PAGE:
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Couperose skin, spider angioma stellaire and other telangiectasias

19 January 2016, by LEMARCHAND-VENENCIE F.

Dilations of the superficial dermal vessels or telangiectasias are “isolated” in the vast majority of cases and constitute an aesthetic concern, but they can sometimes be part of a general illness or even be the symptom that reveals a condition. The significance and management of telangiectasias is therefore completely different depending on whether they are isolated, or on the other hand whether they are associated with other cutaneous or general signs, which will then lead to a cause being identified and a treatment of aetiology being possible. They can be congenital or acquired and table I illustrates the great diversity of forms.

DIAGNOSIS

There are multiple factors involved in clinical diagnosis.

The clinical appearance consists of:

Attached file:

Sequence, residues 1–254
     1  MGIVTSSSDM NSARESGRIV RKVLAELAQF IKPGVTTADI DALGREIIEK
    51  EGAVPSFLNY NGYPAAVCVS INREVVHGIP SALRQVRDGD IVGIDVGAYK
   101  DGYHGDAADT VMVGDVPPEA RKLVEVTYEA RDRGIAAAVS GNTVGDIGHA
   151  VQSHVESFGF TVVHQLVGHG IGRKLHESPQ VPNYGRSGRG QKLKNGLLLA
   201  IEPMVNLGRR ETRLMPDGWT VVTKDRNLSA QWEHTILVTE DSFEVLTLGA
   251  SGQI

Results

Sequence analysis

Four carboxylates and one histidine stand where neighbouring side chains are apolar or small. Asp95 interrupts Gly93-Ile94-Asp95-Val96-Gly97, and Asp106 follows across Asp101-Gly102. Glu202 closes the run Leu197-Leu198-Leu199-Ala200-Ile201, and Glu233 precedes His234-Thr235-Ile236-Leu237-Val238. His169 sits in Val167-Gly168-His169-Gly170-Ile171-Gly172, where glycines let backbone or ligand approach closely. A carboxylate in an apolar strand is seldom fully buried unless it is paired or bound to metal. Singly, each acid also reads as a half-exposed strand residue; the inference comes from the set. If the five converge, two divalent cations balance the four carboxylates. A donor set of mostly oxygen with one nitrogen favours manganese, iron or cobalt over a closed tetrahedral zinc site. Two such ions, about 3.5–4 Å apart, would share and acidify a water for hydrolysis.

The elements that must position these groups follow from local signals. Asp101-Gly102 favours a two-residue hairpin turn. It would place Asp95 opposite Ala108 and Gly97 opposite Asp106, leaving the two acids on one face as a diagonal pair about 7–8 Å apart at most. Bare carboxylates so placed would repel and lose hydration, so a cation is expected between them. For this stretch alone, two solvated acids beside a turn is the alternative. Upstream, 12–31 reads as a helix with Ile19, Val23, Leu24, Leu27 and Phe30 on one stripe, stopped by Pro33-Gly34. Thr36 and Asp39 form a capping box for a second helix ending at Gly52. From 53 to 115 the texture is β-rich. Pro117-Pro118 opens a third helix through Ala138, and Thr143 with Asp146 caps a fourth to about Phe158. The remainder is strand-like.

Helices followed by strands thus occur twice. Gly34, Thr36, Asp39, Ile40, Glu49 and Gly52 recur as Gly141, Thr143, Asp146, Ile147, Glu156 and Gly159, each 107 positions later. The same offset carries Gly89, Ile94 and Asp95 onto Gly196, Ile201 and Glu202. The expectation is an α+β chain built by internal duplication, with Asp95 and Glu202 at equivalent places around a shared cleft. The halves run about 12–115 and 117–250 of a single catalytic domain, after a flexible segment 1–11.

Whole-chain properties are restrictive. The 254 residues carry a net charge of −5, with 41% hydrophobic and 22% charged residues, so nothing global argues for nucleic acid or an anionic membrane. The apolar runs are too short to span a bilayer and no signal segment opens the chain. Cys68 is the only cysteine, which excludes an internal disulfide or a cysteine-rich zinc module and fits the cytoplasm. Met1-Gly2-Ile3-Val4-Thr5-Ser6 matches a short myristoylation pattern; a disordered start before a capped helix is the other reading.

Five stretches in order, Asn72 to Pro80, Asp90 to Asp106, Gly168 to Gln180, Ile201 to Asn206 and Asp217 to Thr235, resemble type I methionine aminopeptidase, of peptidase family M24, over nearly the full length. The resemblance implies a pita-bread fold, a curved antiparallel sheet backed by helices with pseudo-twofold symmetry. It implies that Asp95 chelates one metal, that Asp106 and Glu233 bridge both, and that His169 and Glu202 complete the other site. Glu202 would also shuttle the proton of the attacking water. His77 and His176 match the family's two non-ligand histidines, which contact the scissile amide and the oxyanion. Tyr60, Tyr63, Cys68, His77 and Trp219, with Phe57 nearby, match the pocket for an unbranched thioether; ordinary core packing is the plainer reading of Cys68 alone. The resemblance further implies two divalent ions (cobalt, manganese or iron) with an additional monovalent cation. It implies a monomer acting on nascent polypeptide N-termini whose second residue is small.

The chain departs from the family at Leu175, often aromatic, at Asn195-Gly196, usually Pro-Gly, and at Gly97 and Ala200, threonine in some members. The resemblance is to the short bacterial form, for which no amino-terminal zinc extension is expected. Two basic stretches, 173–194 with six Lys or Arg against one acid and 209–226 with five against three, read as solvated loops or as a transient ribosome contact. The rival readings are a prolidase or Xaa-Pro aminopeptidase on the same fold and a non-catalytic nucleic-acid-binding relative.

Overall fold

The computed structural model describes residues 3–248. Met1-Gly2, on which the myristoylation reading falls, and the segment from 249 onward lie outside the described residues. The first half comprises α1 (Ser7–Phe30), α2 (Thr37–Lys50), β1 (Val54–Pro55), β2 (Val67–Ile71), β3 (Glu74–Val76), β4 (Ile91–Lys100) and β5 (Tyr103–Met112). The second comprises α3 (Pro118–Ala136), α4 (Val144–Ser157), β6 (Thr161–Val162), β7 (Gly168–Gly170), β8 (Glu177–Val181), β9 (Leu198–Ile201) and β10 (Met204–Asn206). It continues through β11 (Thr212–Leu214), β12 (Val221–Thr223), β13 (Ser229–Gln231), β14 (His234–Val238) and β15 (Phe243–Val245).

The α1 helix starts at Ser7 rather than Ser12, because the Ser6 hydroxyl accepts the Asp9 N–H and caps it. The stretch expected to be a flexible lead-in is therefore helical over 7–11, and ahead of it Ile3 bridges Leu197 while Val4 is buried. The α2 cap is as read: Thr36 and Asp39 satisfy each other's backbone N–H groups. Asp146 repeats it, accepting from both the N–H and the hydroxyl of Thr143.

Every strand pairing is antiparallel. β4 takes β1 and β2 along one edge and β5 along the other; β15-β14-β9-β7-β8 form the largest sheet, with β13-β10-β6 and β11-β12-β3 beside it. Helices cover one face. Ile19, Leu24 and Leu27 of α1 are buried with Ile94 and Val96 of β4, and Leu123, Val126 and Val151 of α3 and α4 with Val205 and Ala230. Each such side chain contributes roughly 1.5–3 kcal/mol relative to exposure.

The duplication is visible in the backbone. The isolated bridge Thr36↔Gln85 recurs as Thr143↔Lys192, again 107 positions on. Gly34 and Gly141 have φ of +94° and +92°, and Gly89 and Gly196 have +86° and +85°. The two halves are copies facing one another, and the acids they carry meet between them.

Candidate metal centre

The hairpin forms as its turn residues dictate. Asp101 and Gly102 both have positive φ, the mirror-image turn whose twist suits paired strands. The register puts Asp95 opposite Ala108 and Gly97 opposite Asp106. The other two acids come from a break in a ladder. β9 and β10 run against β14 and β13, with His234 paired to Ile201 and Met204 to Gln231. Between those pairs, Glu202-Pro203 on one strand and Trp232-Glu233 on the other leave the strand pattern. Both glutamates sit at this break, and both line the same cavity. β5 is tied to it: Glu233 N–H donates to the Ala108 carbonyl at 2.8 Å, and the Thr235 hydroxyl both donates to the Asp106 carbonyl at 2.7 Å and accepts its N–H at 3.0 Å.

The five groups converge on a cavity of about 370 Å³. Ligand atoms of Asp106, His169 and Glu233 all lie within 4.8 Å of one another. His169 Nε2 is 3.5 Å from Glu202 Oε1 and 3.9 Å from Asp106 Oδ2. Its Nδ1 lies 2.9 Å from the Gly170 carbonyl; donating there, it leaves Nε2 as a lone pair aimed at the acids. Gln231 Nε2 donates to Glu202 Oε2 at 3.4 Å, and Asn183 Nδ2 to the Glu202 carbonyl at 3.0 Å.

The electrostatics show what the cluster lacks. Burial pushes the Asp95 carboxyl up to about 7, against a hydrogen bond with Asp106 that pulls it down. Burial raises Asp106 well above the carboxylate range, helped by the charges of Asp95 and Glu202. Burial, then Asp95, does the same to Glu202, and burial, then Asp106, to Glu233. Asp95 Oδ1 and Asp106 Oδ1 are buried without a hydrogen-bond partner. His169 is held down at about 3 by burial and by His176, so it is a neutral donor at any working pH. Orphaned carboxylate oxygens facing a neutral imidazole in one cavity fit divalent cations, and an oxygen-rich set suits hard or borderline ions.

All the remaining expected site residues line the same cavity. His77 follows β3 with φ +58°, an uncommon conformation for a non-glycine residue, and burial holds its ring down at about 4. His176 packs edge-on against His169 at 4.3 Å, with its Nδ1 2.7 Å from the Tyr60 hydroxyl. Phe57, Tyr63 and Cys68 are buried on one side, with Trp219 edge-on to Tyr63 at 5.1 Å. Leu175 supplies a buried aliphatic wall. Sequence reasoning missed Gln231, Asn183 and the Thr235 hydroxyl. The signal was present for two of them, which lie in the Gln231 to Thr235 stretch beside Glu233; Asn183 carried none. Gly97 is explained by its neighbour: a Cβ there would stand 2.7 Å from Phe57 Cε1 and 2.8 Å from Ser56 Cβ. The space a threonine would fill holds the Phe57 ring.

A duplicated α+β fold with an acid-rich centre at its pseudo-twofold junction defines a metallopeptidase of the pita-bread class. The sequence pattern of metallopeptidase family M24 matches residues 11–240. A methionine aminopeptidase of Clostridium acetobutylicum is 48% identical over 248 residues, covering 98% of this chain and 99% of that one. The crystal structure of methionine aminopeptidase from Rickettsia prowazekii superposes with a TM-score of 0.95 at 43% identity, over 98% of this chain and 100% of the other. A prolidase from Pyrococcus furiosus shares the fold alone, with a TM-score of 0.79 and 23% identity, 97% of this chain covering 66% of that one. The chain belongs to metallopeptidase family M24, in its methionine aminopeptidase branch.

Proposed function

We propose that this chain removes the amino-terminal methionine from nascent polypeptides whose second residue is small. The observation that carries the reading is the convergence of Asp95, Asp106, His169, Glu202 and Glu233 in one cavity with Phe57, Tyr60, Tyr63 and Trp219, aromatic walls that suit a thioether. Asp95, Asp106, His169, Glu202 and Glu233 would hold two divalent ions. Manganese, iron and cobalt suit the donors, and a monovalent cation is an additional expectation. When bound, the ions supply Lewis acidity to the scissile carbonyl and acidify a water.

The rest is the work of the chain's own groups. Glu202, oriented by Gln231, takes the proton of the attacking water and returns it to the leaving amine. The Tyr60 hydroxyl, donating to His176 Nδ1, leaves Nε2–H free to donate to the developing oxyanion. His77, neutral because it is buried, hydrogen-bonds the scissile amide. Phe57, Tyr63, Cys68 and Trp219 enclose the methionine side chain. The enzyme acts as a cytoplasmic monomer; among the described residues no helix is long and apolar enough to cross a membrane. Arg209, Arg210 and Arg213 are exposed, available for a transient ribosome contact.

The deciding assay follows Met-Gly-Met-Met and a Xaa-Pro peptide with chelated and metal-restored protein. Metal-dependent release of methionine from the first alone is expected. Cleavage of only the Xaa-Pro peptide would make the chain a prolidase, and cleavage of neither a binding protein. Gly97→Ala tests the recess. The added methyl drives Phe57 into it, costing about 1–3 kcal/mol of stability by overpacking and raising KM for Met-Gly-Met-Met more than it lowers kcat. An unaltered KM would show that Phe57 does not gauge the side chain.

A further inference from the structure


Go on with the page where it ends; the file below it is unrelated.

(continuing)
— The pattern of the thread-like capillaries (a linear or lacelike pattern in couperose skin with symptomatic large vessels or lower limb telangiectasias seen in chronic venous insufficiency, homogenous macules in erythrosis)

— Variable colouring, from purplish red (such as a spider angioma) to purplish blue (such as the harmless telangiectasias of the lower limbs in chronic venous insufficiency) 

— The basic lesion type: 1) star-shaped vascular lesion (or spider angioma), in which the telangiectasia has a central red dot that is more or less raised with an arborising pattern radiating from it; 2) telangiectasia macules, in which the flat mark is uniform in colour, from pink to purplish red, with no arborisation visible to the naked eye. These can be localised with clear quadrangular borders, as in telangiectasia in scleroderma, or diffuse and widespread as in erythrosis, with even less distinct borders if there is an associated flush; 3) telangiectasia papules, in which the vascular lesion is palpable (such as cherry angiomas), which are sometimes associated with a pustule (such as in papulopustular episodes of Rosacea) or hyperkeratosis (as in angiokeratoma).

Aside from the clinical appearance, diagnosis is determined by

— Whether the lesion is isolated or, by contrast, associated with extracutaneous signs

— Whether it is acquired or congenital (hereditary or not).